Effect of aging on complement activation. Complement breakdown products Ba, C3d, and iC3b were assessed from naïve and LPS IP-injected C57BL/6N female mice at 7, 21, and 48 weeks of age and from naïve C57BL/6J female mice at 7, 22, and 54 weeks of age. LPS treatment was 24 hours. C3 and FB breakdown products were measured by Western blots and were graphed relative to the average value of 7-week-old samples. (A) Baseline levels of complement activation products in eye tissues of C57BL/6N mice increased with age from 7 to 48 weeks (P < 0.001 for C3d+iC3b and P < 0.001 for Ba). (B) Baseline levels of complement activation products in plasma of C57BL/6N mice also increased with age from 7 to 48 weeks (P < 0.01 for C3d+iC3b and P < 0.01 for Ba). (C) Baseline levels of complement activation products in eye tissues of C57BL/6J mice increased with age from 7 to 54 weeks (P < 0.05 for C3d+iC3b). (D) Baseline levels of complement activation products in plasma of C57BL/6J mice also increased with age from 7 to 54 weeks (P < 0.001 for C3d+iC3b and P < 0.01 for Ba). The fold induction, which is the ratio of LPS-induced to baseline complement activation products, decreased with age in eye tissues (E) and plasma (F) in C57BL/6N mice. In eye tissues, induction of complement breakdown products by LPS was reduced by 60% (P < 0.001) for Ba and 39% (P < 0.01) for C3d+iC3b from 7 to 48 weeks of age. This is a representative of four independent studies with C57BL/6N mice. The baseline aging study with C57BL/6J mice was performed once.
Figure 5
 
Effect of aging on complement activation. Complement breakdown products Ba, C3d, and iC3b were assessed from naïve and LPS IP-injected C57BL/6N female mice at 7, 21, and 48 weeks of age and from naïve C57BL/6J female mice at 7, 22, and 54 weeks of age. LPS treatment was 24 hours. C3 and FB breakdown products were measured by Western blots and were graphed relative to the average value of 7-week-old samples. (A) Baseline levels of complement activation products in eye tissues of C57BL/6N mice increased with age from 7 to 48 weeks (P < 0.001 for C3d+iC3b and P < 0.001 for Ba). (B) Baseline levels of complement activation products in plasma of C57BL/6N mice also increased with age from 7 to 48 weeks (P < 0.01 for C3d+iC3b and P < 0.01 for Ba). (C) Baseline levels of complement activation products in eye tissues of C57BL/6J mice increased with age from 7 to 54 weeks (P < 0.05 for C3d+iC3b). (D) Baseline levels of complement activation products in plasma of C57BL/6J mice also increased with age from 7 to 54 weeks (P < 0.001 for C3d+iC3b and P < 0.01 for Ba). The fold induction, which is the ratio of LPS-induced to baseline complement activation products, decreased with age in eye tissues (E) and plasma (F) in C57BL/6N mice. In eye tissues, induction of complement breakdown products by LPS was reduced by 60% (P < 0.001) for Ba and 39% (P < 0.01) for C3d+iC3b from 7 to 48 weeks of age. This is a representative of four independent studies with C57BL/6N mice. The baseline aging study with C57BL/6J mice was performed once.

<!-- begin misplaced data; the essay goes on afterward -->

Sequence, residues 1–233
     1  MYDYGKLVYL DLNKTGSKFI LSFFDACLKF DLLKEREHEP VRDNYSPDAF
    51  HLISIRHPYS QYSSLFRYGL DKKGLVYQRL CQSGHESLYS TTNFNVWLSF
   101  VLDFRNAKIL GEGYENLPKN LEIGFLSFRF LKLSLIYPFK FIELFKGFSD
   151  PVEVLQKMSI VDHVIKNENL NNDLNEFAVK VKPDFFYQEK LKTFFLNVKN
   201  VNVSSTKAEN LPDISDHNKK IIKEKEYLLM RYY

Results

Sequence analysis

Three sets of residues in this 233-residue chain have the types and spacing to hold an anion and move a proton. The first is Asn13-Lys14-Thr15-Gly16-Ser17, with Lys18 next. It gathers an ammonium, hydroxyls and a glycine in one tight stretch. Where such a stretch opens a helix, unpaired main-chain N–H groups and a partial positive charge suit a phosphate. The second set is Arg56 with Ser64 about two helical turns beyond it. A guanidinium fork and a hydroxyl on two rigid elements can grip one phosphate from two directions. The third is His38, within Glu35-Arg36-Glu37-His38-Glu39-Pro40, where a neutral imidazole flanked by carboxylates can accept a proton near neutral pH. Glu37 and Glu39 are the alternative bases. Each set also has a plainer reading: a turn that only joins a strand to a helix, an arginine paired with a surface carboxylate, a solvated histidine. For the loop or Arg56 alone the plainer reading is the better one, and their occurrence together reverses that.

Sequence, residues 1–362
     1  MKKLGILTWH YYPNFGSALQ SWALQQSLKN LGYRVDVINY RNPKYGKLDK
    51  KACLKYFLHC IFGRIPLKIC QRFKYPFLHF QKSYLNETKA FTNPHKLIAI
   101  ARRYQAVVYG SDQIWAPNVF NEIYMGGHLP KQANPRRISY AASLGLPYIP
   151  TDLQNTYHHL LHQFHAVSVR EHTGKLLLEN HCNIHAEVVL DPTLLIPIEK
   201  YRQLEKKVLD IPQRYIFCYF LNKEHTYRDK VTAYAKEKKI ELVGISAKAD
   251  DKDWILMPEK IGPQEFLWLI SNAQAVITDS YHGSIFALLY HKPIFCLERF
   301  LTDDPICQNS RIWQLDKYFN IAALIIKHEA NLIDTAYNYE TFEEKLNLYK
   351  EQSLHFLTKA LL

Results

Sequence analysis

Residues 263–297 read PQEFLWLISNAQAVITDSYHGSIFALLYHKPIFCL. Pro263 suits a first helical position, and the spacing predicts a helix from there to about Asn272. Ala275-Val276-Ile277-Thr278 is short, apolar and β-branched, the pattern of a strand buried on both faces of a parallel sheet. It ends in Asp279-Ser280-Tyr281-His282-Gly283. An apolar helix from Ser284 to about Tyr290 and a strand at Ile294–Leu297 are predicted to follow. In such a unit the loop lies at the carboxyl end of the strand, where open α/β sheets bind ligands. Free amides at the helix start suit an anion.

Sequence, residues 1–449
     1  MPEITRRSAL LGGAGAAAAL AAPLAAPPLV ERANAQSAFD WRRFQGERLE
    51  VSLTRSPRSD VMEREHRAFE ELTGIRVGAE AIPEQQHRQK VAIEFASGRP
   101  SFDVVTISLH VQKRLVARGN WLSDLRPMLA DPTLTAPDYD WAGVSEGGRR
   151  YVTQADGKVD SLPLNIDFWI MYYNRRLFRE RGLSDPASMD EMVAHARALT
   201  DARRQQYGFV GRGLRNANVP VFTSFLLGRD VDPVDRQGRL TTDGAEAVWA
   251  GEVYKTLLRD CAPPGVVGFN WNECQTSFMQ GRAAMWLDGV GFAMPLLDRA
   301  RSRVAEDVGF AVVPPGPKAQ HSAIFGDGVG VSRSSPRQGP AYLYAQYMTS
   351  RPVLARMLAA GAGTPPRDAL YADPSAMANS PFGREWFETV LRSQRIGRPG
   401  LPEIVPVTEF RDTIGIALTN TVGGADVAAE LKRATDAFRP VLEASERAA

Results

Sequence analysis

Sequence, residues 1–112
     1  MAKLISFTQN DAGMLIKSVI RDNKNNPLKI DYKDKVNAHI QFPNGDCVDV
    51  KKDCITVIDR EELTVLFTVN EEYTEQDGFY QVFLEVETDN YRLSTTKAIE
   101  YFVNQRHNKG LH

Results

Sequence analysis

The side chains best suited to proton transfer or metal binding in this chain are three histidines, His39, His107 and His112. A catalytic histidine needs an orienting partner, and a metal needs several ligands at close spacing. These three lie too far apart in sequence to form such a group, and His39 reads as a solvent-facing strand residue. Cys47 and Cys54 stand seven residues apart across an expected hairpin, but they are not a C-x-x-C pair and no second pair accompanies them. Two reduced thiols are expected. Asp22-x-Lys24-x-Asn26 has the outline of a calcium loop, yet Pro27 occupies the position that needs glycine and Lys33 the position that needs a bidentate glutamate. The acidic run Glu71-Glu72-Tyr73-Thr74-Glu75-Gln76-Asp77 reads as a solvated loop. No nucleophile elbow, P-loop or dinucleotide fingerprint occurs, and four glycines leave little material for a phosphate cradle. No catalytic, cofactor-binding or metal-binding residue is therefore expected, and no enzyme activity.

Factor D (FD) Neutralizing Antibody Inhibits Local Complement Activation in Rabbits
Human and rabbit FD proteins share 81% amino acid identity. A commercially available anti-human FD antibody from R&D Systems neutralized both human and rabbit FD in human and rabbit serum-based alternative pathway assays with similar potencies (Fig. 6A). However, possibly due to limited sequence homology between mouse and human FD proteins (66% identity), the anti-human FD antibody failed to inhibit AP complement activation in a similar assay with mouse serum (not shown). LPS-induced complement activation was adapted from mouse to rabbit to enable evaluation of the human FD neutralizing antibody via intravitreal delivery. The larger eye of rabbits is more suitable for preclinical testing of intraocular delivery of biologics with longer half-life. Since FB is the substrate for FD, the soluble FB breakdown product Ba was used as a direct readout for FD inhibition. Eighteen hours after LPS injection, the level of Ba in the posterior segment of the eye (retina/RPE/choroid) was 2- to 3-fold above PBS-treated controls. LPS-induced Ba generation in the posterior segment of the eye was inhibited by intravitreal administration of the anti-human FD antibody at 200 μg per eye 24 hours before LPS challenge. We assume that the concentration of FD in the eye should be lower than in serum (40–80 nM)58 and rabbit vitreous volume to be around 1.52 cm3.59 Intravitreal injection of 200 μg per eye would predict ∼0.88 μM anti-FD, which is at least 11- to 22-fold higher than FD levels in the vitreous. LPS-induced alternative pathway activation in vitreous humor as measured by Ba generation was completely blocked (Fig. 6B) 42 hours after IVT of the anti-FD antibody. There was a 60% reduction of Ba levels in the retina/RPE/choroid (Fig. 6C). Since choroid is a highly vascular tissue, some of the Ba fragments detected in retina/RPE/choroid may have come from the blood. As expected, LPS-induced Ba generation in plasma was not affected by IVT anti-FD (Fig. 6D). LPS-induced Ba generation in the anterior segment of the eye (aqueous humor or iris/CB) was also unaltered by FD antibody pretreatment (Figs. 6E, 6F). This result demonstrates for the first time in rabbits that intravitreal administration of a complement inhibitor blocks local complement activation while complement levels in systemic circulation or even the adjacent tissue compartment remain unaffected.